Friday. 25/6/2021

The Monocle Minute

Image: Getty Images

Opinion / Nic Monisse

Full steam ahead

When I was travelling across the US as a 20-year-old, I rode Greyhound buses all over Texas. I’d love to say that this was a romantic move inspired by Jack Kerouac’s On The Road but in reality it was because insurance premiums for me to hire a car at that age were exorbitant. And more appealing options, such as fast intercity trains, were non-existent. Being something of an urbanism wonk, I passed my time on the bus daydreaming about a golden age when rail travel in the Lone Star State might be possible and even prolific. In a part of the US where the car is indisputably king, that seemed a long way from the reality.

Until earlier this month that is, when rail developer Texas Central signed a $16bn (€13.4bn) “final agreement” with Italian firm Webuild Group to construct a 236-mile (380km) high-speed line between Dallas and Houston. The proposed line (pictured) will whisk travellers between the state’s two largest cities in about 90 minutes, and Texas Central promises that it will be privately funded. With a pro-rail president dubbed “Amtrak Joe” in the White House, the developer also went so far as to put out an official statement saying that rival companies who believe the government should chip in “don’t understand how free-market capitalism works in Texas”.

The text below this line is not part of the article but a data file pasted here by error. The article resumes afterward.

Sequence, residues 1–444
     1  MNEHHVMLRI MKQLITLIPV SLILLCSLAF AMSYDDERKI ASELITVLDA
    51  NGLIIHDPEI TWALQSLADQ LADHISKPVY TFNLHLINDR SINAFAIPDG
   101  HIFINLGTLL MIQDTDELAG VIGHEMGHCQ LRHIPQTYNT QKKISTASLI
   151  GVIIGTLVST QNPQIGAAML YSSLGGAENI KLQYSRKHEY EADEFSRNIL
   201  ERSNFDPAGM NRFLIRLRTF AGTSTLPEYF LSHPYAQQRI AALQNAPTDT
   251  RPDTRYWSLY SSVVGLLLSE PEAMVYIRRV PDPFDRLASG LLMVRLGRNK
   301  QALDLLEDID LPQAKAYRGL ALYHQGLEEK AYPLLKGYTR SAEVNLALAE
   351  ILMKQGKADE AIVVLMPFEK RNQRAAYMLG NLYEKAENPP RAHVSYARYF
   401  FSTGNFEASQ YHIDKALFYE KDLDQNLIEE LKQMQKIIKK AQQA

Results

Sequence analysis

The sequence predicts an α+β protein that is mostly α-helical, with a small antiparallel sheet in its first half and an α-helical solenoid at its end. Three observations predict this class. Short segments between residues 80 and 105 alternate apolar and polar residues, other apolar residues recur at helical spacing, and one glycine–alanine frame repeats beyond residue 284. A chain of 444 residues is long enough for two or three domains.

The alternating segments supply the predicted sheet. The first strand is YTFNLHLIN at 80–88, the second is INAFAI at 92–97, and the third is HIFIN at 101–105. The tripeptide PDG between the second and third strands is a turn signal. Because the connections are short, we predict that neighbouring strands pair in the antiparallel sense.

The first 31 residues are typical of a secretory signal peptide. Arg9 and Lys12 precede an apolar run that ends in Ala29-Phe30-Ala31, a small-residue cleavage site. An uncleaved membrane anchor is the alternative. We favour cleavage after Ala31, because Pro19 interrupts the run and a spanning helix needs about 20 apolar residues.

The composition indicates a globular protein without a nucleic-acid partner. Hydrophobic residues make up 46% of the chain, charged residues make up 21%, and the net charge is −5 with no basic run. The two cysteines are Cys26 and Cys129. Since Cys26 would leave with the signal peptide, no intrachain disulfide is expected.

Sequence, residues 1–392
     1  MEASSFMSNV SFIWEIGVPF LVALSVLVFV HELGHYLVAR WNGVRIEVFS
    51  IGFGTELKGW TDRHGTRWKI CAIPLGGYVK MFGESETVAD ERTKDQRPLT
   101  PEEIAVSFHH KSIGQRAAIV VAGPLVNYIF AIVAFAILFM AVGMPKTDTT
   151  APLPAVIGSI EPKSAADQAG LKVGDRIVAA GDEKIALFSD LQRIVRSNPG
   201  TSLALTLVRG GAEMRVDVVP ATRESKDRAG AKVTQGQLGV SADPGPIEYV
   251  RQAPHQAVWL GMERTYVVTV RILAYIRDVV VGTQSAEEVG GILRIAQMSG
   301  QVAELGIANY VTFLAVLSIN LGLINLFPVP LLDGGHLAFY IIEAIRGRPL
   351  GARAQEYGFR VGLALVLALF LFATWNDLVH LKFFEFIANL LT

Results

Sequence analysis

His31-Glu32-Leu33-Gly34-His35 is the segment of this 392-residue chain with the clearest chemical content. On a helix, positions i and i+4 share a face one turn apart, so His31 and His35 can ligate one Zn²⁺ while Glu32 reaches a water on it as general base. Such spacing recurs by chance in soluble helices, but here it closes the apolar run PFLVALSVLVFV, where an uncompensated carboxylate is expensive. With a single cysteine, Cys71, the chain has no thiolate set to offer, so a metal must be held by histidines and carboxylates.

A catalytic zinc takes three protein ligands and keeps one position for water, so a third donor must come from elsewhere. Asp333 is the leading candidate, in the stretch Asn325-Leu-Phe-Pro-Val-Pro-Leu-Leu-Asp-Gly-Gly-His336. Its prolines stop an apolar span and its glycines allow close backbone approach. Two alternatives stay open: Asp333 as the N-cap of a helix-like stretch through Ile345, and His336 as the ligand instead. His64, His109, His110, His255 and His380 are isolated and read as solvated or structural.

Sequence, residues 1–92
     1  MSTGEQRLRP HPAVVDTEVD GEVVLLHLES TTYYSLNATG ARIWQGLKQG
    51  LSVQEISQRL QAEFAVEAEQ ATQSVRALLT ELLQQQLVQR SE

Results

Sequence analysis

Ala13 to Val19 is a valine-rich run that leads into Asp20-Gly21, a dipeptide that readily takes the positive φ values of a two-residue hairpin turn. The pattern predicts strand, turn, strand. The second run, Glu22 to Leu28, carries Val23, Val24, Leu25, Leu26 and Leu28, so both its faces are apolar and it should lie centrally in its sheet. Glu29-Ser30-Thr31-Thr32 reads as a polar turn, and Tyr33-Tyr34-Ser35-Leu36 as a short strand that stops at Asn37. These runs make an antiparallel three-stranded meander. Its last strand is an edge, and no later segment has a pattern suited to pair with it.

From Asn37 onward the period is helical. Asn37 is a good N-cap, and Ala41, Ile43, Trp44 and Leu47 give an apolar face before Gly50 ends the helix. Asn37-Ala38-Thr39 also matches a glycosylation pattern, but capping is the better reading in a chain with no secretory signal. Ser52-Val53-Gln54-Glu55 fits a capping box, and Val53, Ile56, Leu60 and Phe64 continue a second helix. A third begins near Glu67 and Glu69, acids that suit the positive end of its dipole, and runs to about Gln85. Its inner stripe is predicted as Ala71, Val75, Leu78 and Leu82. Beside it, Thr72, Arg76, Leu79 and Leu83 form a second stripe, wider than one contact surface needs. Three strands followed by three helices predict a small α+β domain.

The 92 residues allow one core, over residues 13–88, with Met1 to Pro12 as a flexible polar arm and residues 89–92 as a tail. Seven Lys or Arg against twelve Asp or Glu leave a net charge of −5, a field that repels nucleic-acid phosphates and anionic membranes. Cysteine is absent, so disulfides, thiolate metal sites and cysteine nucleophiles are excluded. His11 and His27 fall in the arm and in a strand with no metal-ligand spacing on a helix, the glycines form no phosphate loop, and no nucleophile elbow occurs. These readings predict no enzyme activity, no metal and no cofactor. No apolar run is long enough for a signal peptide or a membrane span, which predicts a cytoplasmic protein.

This is a canny way to court public opinion: taxpayers may be sceptical in a state (and country) in which high-speed rail options remain virtually non-existent. But private firms should see the scope for growth. In pre-pandemic times, about 24,000 people travelled between Dallas and Houston every day, so there’s clearly an appetite for movement along the corridor. High-speed rail would be faster than flying – or going by car or bus. There’s no reason why investors – such as banks in Europe and Japan who have expressed interest in offering support – wouldn’t be willing to take the risk. All aboard?

Image: Getty Images

Media / Hong Kong

Press pause